You can have missing data in the imputed data sets. This missing data is treated in the regular way. 


that is nice!, thank you fernando 


It sounds like the above case presented by Fernando involves variables that have missing values because no values were imputed for those variable. Could we instead have variables that have values imputed for some cases but left missing for other cases? The example I'm thinking of is a survey with a skip pattern such that there are items that only a subset of respondents answer. Let's say 60 out of 100 of respondents are presented with an item but only 50 answer them. I would want to impute for those 10 who were presented the item but elected not to respond. Is this possible? Perhaps through some kind of "if" statement associated with DATA IMPUTATION?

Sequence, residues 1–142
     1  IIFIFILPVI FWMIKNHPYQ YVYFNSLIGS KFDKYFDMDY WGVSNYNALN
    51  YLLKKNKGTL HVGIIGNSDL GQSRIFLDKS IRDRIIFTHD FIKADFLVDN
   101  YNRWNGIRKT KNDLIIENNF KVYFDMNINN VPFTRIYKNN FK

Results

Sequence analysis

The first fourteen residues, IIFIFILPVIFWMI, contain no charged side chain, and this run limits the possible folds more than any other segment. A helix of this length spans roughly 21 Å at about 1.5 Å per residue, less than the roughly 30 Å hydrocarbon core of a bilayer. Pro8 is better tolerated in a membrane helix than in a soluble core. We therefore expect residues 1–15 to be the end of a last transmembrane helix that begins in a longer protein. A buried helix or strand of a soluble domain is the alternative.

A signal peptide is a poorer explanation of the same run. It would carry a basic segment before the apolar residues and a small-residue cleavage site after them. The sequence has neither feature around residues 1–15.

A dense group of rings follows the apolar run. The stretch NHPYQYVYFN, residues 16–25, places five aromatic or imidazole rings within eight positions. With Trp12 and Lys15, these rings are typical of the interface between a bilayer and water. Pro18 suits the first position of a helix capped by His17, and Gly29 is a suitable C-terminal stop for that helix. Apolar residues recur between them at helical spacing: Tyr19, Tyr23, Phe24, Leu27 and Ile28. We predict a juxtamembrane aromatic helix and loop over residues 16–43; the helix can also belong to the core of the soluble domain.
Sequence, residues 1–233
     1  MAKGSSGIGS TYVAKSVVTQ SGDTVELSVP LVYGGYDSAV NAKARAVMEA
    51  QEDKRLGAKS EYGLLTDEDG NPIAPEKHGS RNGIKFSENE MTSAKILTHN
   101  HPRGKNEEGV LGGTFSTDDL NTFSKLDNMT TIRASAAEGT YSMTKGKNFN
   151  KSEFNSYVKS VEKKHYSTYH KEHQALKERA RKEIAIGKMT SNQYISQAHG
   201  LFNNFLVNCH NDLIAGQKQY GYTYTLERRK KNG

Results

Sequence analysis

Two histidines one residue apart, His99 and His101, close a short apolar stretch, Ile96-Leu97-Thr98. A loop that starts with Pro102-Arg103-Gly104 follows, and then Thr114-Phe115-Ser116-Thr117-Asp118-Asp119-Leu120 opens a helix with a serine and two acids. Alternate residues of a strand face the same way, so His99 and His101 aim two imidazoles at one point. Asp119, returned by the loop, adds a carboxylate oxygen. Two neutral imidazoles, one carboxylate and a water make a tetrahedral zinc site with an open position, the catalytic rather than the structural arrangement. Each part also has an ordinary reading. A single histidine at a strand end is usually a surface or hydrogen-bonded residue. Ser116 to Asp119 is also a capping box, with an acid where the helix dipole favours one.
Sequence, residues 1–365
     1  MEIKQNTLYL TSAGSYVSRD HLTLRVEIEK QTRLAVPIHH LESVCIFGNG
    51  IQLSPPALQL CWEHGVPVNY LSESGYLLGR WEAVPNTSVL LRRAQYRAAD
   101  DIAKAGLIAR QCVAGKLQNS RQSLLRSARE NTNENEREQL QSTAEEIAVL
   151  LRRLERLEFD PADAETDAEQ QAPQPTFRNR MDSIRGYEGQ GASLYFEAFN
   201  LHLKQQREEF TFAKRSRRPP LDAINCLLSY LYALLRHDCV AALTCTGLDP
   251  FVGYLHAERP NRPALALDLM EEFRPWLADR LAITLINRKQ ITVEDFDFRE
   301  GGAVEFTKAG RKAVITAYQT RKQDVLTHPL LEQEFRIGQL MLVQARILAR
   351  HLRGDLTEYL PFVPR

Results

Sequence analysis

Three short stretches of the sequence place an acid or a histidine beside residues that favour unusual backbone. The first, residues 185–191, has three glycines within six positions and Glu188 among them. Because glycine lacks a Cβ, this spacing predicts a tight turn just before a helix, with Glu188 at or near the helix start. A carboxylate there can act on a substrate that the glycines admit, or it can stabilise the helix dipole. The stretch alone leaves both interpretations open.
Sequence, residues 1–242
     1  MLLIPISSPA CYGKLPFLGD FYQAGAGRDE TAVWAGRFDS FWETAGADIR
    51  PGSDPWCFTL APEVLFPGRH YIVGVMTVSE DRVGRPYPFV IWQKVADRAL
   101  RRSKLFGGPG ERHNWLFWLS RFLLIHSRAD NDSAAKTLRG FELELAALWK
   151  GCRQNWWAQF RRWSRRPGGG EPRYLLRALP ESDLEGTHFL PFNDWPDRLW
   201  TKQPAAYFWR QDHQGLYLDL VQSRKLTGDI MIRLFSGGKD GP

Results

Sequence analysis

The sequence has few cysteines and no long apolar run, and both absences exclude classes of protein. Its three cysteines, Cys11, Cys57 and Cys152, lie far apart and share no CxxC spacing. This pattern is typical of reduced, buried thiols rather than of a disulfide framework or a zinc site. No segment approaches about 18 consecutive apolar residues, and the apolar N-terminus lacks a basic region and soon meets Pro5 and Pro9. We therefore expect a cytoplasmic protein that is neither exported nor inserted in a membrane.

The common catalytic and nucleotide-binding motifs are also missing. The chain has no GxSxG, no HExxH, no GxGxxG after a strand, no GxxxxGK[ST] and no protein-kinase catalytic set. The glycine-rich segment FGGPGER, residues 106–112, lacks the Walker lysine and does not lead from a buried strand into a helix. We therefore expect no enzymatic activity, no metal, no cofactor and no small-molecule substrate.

You can impute the data but not use the imputed values for the subgroup. Some kind of code in the analysis part of the imputed data should work (if 9999 is the missing value and you have both the imputed Yimp and the nonimputed Y in the same file): define: if (group==1 .and. Y=9999) then Yimp=_missing; This will restore the missing value where you need it. 


Perfect. Thank you, Tihomir!